The revivalist tradition is rooted in pietist hymnody. It is characterized by an emphasis on the relationship of Christ (the bridegroom) to the church and to the individual believer (the bride). It is commonly held that Isaac Watts combined most successfully the expression of worship with that of human devotional experience. The Wesleys developed what we know today as “invitation” songs. When transported to America, this tradition gave rise to the modern revival movement.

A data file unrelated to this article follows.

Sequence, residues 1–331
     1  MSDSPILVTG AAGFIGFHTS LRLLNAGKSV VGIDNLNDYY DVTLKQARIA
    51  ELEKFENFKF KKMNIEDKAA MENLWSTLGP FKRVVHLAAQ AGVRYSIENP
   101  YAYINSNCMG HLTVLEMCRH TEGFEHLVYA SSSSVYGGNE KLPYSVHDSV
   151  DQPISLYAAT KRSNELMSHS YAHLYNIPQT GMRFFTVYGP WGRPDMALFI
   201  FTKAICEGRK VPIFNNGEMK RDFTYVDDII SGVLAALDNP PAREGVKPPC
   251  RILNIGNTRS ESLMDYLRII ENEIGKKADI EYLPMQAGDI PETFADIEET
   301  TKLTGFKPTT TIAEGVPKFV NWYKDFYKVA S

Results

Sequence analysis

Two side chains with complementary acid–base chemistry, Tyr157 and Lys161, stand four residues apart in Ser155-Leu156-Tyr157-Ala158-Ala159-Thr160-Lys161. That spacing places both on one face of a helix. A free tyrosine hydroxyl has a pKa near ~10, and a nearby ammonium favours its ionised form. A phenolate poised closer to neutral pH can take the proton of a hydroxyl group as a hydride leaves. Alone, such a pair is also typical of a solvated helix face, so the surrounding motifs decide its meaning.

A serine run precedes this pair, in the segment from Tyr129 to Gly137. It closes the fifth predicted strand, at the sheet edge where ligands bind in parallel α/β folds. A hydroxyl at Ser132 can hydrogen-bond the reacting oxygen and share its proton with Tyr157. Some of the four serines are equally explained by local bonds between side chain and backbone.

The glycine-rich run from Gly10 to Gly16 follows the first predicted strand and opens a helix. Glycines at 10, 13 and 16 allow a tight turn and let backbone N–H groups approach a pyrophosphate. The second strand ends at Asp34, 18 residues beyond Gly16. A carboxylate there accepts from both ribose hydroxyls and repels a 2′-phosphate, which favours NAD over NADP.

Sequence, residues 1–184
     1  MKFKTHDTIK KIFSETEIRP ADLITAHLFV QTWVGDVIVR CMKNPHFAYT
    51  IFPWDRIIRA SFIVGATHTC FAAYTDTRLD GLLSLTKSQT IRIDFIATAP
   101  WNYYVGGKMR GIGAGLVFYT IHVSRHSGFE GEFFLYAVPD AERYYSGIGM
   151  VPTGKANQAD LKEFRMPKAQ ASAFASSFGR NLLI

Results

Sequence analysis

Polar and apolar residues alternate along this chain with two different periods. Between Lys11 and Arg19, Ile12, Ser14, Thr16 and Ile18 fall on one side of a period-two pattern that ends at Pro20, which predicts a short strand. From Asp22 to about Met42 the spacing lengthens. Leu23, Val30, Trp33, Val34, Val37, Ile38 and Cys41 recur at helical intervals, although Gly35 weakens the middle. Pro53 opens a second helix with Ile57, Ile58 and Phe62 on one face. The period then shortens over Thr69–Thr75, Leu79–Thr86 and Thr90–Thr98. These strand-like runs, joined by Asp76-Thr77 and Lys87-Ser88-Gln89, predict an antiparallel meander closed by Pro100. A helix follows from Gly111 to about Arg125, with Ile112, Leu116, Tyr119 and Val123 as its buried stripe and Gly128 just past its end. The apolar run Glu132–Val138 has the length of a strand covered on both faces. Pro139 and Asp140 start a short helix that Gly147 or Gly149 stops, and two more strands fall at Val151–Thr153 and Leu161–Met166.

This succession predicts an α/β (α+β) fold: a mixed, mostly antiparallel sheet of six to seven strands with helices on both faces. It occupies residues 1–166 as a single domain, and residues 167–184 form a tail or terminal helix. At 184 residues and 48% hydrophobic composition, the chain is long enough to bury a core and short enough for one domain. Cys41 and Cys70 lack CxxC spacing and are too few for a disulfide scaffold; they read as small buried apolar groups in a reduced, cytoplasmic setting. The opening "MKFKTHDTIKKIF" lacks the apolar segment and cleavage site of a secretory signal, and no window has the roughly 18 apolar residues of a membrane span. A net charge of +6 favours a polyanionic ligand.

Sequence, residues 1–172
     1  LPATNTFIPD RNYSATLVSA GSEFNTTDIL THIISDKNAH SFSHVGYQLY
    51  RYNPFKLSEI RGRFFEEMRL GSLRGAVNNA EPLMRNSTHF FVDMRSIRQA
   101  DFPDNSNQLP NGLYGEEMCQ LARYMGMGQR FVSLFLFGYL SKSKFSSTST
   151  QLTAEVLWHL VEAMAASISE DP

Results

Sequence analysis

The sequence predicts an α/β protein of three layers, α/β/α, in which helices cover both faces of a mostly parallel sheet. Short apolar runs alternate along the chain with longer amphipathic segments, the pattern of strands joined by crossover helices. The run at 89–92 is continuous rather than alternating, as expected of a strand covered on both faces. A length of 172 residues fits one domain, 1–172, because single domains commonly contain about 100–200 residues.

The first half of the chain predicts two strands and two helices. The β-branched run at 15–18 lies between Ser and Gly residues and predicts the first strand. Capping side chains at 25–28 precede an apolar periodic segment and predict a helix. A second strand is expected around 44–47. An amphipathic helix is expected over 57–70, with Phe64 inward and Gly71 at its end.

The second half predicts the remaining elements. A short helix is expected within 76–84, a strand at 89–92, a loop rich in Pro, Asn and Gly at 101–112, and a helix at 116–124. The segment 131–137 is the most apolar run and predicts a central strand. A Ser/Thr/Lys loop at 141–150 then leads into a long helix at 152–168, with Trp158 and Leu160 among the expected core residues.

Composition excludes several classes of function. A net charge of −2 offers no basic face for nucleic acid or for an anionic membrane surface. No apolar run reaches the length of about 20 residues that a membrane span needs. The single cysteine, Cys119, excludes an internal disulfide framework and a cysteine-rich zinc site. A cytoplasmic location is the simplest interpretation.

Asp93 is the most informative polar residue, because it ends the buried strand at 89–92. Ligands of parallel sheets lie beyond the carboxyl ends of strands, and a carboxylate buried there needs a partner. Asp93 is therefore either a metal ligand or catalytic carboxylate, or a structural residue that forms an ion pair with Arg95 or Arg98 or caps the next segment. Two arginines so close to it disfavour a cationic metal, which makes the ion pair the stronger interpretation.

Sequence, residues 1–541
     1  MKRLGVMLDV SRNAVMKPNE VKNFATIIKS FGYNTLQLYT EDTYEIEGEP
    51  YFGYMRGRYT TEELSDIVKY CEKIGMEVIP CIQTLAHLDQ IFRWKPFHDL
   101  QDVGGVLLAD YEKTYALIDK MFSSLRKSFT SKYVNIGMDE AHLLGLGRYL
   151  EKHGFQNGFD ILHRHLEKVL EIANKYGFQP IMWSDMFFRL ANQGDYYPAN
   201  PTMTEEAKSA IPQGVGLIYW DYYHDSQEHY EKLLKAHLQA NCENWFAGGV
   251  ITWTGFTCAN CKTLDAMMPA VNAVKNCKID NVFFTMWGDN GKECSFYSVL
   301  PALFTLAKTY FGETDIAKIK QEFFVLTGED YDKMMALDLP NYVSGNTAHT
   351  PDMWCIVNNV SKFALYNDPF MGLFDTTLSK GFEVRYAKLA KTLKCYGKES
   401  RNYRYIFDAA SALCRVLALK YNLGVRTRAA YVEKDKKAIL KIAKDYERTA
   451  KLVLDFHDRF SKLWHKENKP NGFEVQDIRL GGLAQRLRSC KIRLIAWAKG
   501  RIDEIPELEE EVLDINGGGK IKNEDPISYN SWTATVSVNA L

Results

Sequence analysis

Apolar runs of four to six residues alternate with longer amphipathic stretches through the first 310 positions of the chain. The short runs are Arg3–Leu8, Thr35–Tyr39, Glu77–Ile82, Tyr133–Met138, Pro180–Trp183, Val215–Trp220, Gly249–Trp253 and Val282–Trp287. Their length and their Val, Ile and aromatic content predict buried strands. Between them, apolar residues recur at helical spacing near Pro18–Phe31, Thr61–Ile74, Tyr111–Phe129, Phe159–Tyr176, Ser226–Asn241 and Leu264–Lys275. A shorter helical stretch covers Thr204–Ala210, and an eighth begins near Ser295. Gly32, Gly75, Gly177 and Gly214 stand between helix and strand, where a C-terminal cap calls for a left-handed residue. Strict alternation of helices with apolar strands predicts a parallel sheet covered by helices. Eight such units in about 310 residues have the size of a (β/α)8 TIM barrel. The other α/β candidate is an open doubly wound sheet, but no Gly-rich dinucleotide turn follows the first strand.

Within ten years about sixty preachers were imitating Fox. Few leaders of high standing joined them, except for William Penn, an admiral’s son, who was able to plant a Quaker colony in America in 1681. From here the Quakers carried their message through the colonies. In parts of the South, they were the most popular of the religious sects. Their idiosyncrasies, however, annoyed the Puritans of Boston so much that several persons were hung after a sentence of banishment had failed to dispose of them. In the Middle colonies, they became one of the most respectable and prosperous elements in society.